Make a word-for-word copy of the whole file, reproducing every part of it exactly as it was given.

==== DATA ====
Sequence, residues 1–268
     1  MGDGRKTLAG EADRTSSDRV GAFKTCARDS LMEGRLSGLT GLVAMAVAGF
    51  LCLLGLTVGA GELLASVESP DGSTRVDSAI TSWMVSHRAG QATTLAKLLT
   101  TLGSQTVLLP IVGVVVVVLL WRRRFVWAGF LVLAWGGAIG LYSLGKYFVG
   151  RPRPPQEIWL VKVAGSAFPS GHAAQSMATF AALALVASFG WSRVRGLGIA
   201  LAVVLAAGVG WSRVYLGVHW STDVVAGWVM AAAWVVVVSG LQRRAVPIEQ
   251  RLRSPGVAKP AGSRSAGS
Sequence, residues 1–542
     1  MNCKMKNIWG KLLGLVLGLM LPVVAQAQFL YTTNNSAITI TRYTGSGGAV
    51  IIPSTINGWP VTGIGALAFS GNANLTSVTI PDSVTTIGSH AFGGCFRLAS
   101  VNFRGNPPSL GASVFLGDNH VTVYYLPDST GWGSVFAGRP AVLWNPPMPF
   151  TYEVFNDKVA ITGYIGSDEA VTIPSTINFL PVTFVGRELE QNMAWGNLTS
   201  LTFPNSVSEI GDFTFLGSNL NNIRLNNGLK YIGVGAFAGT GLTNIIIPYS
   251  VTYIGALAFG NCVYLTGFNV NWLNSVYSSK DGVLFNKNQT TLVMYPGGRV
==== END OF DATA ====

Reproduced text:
Sequence, residues 1–268
     1  MGDGRKTLAG EADRTSSDRV GAFKTCARDS LMEGRLSGLT GLVAMAVAGF
    51  LCLLGLTVGA GELLASVESP DGSTRVDSAI TSWMVSHRAG QATTLAKLLT
   101  TLGSQTVLLP IVGVVVVVLL WRRRFVWAGF LVLAWGGAIG LYSLGKYFVG
   151  RPRPPQEIWL VKVAGSAFPS GHAAQSMATF AALALVASFG WSRVRGLGIA
   201  LAVVLAAGVG WSRVYLGVHW STDVVAGWVM AAAWVVVVSG LQRRAVPIEQ
   251  RLRSPGVAKP AGSRSAGS
Sequence, residues 1–542
     1  MNCKMKNIWG KLLGLVLGLM LPVVAQAQFL YTTNNSAITI TRYTGSGGAV
    51  IIPSTINGWP VTGIGALAFS GNANLTSVTI PDSVTTIGSH AFGGCFRLAS
   101  VNFRGNPPSL GASVFLGDNH VTVYYLPDST GWGSVFAGRP AVLWNPPMPF
   151  TYEVFNDKVA ITGYIGSDEA VTIPSTINFL PVTFVGRELE QNMAWGNLTS
   201  LTFPNSVSEI GDFTFLGSNL NNIRLNNGLK YIGVGAFAGT GLTNIIIPYS
   251  VTYIGALAFG NCVYLTGFNV NWLNSVYSSK DGVLFNKNQT TLVMYPGGRV